He copied them from his Intel-issued laptop to an external drive so he could access the documents after he returned the laptop to Intel. He is said to have tried to access the servers again around June 13.

10-Minute Executive Brief

Thursday, 05 April 2012 15:30 Written by
10-Minute Executive Brief

So you've been asked to provide a review or summary for the boss' boss or even higher up. Top, middle or bottom... your rank is moot! You have been chosen for a reason. That reason could be technical, social, or political. The most important thing for you to know is that -- IT IS A BRIEF.

Prime Directive: Simple, simple, simple.

  1. "Today." Where are we now?
  2. "Tomorrow." Where are we going?
  3. "When in doubt - Leave it out."

Executive Reviews or Summary Presentations don't "win" or "sell" any more than a resume gets you a job. They are strictly informative -- purposeful and meaningful. These tools exist to create, focus, redirect, or kill interest. Make sure you understand your purpose and don't stray.

US Utilities Under Daily Cyber-attack

Wednesday, 04 April 2012 11:18 Written by
US Utilities Under Daily Cyber-attack

America’s water and power utilities under daily cyber-attack. America’s utilities face constant cyber-espionage and denial-of-service attacks against industrial-control systems (ICS), according to the team of specialists from the U.S. Department of Homeland Security (DHS) who are called to investigate the worst cyber-related incidents at these utilities.

DHS’s Industrial Control Systems Cyber Emergency Response Team (ICS-CERT) assisted utilities in network and forensics analysis on seventeen (17) major cases in 2011. Seven (7) of the security incidents originated as spear-phishing attacks via e-mail against utility personnel.

Removing Personal Information from Google

Monday, 26 March 2012 12:28 Written by
Removing Personal Information from Google

Do you know what kind of personal information about you can be found from Internet? Do you know how to remove your name, address, phone number, unwanted pictures, bad publicity, and negative comments from Google and other search results? Do you know how to delete your personal information from online people search database records and the deep web?

Like it or not, Google does not accept complaints for defamatory, inaccurate, or incorrect content in their Search Engine Results. Should you desire to scrub unwanted content from third party websites appearing in Google Web Search Results pages, you must contact the Business Owner of the respective website(s).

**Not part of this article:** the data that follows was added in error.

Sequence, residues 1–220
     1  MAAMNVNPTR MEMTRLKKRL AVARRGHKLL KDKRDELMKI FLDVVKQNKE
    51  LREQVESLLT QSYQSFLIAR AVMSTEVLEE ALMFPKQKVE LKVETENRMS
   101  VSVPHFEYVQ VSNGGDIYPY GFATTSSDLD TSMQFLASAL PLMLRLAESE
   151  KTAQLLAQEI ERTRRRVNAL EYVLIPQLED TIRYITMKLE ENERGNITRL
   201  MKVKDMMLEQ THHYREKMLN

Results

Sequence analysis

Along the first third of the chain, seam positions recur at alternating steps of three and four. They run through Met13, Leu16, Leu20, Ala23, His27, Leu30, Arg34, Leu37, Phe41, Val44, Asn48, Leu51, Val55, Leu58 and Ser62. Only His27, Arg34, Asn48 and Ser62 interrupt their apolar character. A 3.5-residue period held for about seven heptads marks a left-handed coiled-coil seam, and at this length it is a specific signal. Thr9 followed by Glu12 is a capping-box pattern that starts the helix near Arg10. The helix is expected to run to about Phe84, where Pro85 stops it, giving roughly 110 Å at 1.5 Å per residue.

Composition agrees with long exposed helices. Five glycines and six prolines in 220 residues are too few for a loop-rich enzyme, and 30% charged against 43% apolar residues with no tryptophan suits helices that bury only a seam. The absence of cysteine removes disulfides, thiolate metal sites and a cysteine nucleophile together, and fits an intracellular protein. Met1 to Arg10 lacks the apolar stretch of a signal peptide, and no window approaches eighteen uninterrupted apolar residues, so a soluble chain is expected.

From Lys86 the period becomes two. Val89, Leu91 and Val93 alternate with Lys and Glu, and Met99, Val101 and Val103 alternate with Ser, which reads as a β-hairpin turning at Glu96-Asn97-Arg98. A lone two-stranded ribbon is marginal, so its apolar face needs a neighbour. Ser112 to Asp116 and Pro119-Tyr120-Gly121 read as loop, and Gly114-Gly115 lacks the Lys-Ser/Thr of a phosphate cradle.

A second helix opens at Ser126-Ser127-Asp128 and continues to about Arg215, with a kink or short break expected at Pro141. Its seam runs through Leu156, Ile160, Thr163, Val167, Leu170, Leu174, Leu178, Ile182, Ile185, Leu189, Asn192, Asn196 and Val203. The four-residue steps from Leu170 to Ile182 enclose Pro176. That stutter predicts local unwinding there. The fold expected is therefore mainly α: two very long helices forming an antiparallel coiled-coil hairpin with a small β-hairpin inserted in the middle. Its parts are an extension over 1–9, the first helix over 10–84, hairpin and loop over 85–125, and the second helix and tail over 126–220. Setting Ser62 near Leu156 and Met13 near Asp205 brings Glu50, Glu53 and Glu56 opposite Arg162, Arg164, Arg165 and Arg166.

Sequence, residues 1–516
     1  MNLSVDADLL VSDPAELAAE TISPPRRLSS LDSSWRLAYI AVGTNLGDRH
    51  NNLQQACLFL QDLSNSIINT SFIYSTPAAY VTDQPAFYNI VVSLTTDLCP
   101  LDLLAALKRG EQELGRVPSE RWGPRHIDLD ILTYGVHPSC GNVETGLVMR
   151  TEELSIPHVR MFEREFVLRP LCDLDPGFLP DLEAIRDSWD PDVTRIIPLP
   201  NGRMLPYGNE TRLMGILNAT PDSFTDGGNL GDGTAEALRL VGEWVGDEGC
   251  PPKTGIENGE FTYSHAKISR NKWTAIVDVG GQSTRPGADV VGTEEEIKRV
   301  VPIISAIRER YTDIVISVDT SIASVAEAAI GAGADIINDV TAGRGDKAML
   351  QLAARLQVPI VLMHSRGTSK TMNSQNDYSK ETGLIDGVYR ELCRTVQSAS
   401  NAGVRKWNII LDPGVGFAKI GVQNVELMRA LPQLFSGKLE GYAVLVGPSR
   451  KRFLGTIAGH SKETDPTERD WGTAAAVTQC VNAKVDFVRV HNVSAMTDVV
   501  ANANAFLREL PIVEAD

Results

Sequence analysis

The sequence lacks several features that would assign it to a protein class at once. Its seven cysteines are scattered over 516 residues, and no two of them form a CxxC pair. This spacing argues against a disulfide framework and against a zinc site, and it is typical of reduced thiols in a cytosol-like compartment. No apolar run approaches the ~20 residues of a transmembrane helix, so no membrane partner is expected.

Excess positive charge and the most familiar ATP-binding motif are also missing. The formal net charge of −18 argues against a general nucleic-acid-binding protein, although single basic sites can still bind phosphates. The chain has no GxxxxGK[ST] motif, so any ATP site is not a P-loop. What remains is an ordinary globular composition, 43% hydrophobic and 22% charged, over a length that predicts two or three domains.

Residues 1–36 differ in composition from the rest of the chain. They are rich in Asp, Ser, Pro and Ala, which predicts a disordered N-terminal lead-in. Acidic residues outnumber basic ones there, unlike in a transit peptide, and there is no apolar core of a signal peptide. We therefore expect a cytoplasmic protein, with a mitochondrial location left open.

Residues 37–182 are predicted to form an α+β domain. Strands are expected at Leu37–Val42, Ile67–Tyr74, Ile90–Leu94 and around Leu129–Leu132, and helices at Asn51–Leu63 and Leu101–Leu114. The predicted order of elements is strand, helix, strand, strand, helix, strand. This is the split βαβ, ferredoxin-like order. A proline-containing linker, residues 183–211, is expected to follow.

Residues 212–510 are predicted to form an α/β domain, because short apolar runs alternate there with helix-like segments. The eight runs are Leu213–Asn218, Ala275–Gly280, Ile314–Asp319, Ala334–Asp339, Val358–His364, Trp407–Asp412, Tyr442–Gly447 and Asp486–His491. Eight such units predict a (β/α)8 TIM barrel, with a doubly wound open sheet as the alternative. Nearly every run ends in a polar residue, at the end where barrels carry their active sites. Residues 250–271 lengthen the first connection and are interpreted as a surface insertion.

In Buddha's Footsteps

Sunday, 18 March 2012 13:42 Written by
In Buddha's Footsteps

Trace your way to the enlightenment and serenity as you travel down the lane through which Lord Buddha gained Nirvana. As you travel through these places you get a sense of believe on the suffering, the cycle of life and death and the philosophy of the eternal bliss, the nirvana.

As you follow the trails of Lord Buddha, who was born in a royal family as Prince Siddhartha Gautam, you learn that every place of Buddhist pilgrimage has its own significance. These famous Buddhist pilgrimages give you knowledge on the various stages of Lord Buddha’s life after he attained Nirvana.

You Can’t Read This Book

Friday, 09 March 2012 18:22 Written by
You Can’t Read This Book

Censorship in the Age of Freedom... Of course you can read this book if you want to. But, as the Observer journalist Nick Cohen argues with passion and wit, there are many important books you cannot read, not because they have been banned but because they have not been written. Their authors have been forced into self-censorship through fear of violence, financial ruin or death.

Pre-publication censorship is rare in today’s world. But there are many other ways of silencing writers. The most effective is fear. For all the advances of secularism, democracy and new technology, the forces of religion, wealth and the state continue to suppress ideas and information. In fact, as Cohen argues, censorship has become more powerful over the past 20 years, not less.

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Network neutrality is the principle that Internet users should be in control of what content they view and what applications they use on the Internet. The Internet has operated according to this neutrality principle since its earliest days. It is this neutrality that has allowed the internet to innovate and grow. Without equal access the internet dies.